Most Georgia Interns Entitled To Minimum Wages and Overtime

Many college students look forward to the summer as an opportunity to gain experience in the work place before getting their first “real job.” One way to do this is to be hired as an unpaid intern at a company. Interns agree to forego pay for in exchange for hands-on experience. However, recent reports have detailed employers taking advantage of interns as a source of free labor.

In order to provide guidance regarding this growing problem, the Department of Labor has just issued a fact sheet detailing what constitutes an internship and when it is fair not to pay interns.

To qualify as an unpaid internship the following criteria must be met:

• The training must be similar to that received in an educational environment • The experience is for the benefit of the intern • The intern isn’t taking the place of regular employees • The employer isn’t deriving an immediate benefit from the intern, and may in fact be slightly burdened • The intern is not entitled to a job at the end of the internship • The intern understands that he or she is not entitled to compensation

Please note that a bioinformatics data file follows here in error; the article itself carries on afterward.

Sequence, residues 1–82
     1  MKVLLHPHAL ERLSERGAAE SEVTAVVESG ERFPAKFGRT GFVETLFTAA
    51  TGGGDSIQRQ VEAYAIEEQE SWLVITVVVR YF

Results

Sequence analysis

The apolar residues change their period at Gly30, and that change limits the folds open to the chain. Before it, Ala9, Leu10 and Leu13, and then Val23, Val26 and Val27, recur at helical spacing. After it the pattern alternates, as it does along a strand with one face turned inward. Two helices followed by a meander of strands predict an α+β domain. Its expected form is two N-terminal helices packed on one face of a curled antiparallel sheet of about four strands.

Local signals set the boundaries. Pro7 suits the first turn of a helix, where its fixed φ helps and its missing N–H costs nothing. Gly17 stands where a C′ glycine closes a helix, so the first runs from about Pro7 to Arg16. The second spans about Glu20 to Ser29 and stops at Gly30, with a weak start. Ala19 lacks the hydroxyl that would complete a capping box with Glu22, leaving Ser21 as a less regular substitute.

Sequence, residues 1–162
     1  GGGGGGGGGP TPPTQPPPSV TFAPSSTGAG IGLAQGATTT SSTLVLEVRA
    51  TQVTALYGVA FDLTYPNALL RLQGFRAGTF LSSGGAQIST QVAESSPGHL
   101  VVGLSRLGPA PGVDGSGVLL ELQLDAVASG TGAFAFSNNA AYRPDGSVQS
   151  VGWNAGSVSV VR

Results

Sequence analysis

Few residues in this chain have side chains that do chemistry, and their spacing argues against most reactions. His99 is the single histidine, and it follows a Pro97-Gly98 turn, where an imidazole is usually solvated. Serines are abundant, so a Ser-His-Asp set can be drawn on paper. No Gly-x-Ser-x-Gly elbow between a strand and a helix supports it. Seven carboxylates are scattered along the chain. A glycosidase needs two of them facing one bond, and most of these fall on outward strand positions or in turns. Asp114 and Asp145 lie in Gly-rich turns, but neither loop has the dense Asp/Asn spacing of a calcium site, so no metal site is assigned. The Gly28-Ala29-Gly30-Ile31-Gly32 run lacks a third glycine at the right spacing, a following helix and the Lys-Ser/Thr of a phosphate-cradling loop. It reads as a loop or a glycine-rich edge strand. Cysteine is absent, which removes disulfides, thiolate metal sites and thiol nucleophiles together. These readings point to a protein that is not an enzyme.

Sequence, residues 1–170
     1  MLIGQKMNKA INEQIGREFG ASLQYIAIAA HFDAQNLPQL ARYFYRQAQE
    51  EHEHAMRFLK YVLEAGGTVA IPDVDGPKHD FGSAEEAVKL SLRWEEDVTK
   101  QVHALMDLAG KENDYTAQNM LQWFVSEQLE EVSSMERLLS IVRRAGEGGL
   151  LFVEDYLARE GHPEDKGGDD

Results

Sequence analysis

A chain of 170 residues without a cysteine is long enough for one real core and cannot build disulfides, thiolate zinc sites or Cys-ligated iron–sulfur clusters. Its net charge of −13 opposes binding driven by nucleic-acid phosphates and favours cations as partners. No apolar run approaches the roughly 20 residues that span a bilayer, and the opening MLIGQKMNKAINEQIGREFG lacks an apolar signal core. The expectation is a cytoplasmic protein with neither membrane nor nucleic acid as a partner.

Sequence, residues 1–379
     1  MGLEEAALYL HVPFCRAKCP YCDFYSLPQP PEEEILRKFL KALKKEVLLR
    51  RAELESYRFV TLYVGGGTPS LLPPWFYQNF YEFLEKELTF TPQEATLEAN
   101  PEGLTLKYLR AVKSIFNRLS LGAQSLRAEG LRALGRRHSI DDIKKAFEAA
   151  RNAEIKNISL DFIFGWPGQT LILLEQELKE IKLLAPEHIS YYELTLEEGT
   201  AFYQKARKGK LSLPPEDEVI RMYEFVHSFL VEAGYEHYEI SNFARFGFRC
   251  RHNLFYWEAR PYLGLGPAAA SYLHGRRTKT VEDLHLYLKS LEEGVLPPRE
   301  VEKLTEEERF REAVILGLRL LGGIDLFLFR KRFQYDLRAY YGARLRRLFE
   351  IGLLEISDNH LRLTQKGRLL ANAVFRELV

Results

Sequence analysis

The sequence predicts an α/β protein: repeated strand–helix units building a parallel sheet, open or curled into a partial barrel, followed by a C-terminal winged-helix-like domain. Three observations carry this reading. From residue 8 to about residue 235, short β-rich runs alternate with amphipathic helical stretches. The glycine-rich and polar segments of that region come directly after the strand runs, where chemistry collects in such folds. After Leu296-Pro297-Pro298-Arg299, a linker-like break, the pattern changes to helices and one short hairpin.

In most situations, internships at “for-profit” private sector jobs are considered “employment” and subject to the Fair Labor Standards Act (FLSA). Hence, if you work at a Georgia company as intern and each of the 6 factors are not present, you may be entitled to minimum wages and overtime. Under the FLSA, Georgia workers are entitled to $6.55/hour and overtime at a rate of one and one-half your regular rate of pay for all hours in excess of 40 hours in any workweek.

If your internship at a Georgia law firm or company consists of work such as filing, assisting customers, or manual labor, you may be considered an “employee” and entitled to receive pay.

Internships can provide a great learning experience and help equip students with skills needed in the workplace. However, it’s possible your “unpaid internship” may actually be considered a job – entitling you to wages and overtime. For more information, please contact Buckley Bala Wilson Mew LLP, a Georgia law firm committed to fair employment.